A reporter in search of a story he can use to validate himself stumbles across a man claiming to be a member of a secret military group of mental warriors, and who is obviously less then sane. But, as he follows the man on his latest "mission", the reporter finds that the man proves stranger and stranger- and more and more interesting.
Shortly after I saw the spectacular film Good Night, and Good Luck it came to my attention that the man who co-wrote it also played the comic relief character Arpid in The Scorpion King (if you don't know why that's funny I can't explain it). It was at this point that I decided Grant Heslov was someone worth watching. And his most recent directorial release The Men Who Stare at Goats proves my claim. It also suggests that he may have a thing for unusually long titles.
With a cast of heavy hitters this movie must be a bit intimidating to anyone looking to dismiss it out of the gate. All big names are in their proven comedy elements: Bridges is the chemically altered philosopher, Spacey is the smug antagonist, and McGregor is the hilariously uninformed straight man. I've said for a while that George Clooney only has two modes: the "Cool Guy", and the "Quirky Cool Guy". With This role he shows his acting chops and stretches himself into a new realm: the "Zany Cool Guy". Along with all that sarcasm must come praise however- because it works.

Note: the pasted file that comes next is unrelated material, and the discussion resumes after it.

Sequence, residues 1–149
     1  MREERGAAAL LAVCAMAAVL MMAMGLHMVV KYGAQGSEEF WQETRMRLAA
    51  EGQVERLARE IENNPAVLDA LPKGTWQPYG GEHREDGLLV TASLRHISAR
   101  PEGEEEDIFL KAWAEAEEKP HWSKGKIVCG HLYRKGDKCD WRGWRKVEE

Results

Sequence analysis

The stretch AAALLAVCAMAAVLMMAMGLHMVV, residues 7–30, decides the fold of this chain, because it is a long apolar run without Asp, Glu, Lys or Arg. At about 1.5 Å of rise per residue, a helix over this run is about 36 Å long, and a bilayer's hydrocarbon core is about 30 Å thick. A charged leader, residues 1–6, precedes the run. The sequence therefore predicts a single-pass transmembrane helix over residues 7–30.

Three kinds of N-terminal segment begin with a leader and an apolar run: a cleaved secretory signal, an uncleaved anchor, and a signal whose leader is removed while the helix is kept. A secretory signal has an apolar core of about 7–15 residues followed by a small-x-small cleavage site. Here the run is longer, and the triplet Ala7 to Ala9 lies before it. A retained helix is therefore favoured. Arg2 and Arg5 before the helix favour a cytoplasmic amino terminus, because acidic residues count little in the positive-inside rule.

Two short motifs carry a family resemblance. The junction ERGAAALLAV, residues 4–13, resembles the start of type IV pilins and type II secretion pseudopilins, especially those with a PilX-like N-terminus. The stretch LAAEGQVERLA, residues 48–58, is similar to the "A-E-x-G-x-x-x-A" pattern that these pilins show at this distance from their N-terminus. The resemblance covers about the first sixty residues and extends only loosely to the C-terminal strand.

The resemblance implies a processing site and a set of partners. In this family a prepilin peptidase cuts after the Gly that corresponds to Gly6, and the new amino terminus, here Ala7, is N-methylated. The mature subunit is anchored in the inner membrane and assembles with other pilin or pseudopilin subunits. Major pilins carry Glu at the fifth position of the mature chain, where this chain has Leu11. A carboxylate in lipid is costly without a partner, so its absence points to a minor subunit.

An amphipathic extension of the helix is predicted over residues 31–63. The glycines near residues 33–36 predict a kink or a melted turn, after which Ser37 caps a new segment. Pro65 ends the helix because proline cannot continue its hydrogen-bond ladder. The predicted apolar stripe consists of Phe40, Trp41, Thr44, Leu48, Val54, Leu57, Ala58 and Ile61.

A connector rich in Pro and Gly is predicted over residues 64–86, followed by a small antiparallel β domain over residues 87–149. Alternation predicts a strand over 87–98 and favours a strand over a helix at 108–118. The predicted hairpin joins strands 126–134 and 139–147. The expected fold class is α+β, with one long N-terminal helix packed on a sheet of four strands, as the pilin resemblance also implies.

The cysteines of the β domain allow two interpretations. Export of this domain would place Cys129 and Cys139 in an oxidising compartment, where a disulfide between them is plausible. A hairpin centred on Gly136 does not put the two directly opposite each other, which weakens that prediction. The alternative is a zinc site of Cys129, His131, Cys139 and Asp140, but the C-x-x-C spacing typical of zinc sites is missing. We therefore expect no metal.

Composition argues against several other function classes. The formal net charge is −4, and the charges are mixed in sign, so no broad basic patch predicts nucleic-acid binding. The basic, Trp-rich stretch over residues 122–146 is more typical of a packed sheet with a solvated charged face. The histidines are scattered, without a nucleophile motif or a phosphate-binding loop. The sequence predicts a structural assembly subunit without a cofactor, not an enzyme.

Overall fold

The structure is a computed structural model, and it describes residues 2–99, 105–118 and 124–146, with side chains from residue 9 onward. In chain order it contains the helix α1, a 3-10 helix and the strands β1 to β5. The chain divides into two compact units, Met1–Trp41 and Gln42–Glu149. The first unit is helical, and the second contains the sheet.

We are introduced to Lyn Cassidy (Clooney) and immediately let in on the secret that he might be off his rocker. As the movie progresses we become more and more sure of this and one more fact: what he's saying makes sense. The entire story unfolds on one lynch pin thought process: "Just because I'm crazy, doesn't mean I'm wrong." The words Cassidy uses to explain how he sees the world may sound silly, but by the end you agree that they're also accurate.
Nearly every comedic nugget in this movie comes from that dark, mysterious land called irony. You laugh because it's so odd and because it sounds just about right. At one point two sets of rival private security companies (that's mercenaries in layman's terms) have a shoot out on a crowded city street- each believing the other to be terrorists who fired first, and you laugh because it's ridiculous- and because it's uncomfortably believable. Maybe that's the term I'm looking for here. The Men Who Stare at Goats is both hilariously out there, and uncomfortably believable.
Although the talkative pair of high school girls next to me in the theater seemed to feel otherwise, this is a solid, enjoyable movie that left me chuckling. It is full of, at times Cohen-esque, humor and strangely emotional moments that go as quickly as they come. I enjoyed it for the fact that it made me laugh but thoughtfully so, and for it's resisting the urge to conclude the story with heaps of sentiment. And conversely, I hated it for getting "More than A Feeling" stuck in my head for the rest of the weekend.
And in case your wondering: Yes. I did laugh each and every time the word "Jedi" was mentioned near McGregor. And No. I'm not ashamed that it never got old to me.
Reel Deal Recommends:
Good Night, and Good Luck: Great movie directed by Clooney and co-written by Clooney and Grant Heslov.
Arlington Road: Jeff Bridges leads this mind blowing thriller that not enough people saw.
Stay: An interesting psychological drama starring Ewan "You'll Always Be Obi-Wan to Me" McGregor.
The Scorpion King: Because then you'll think it's funny too.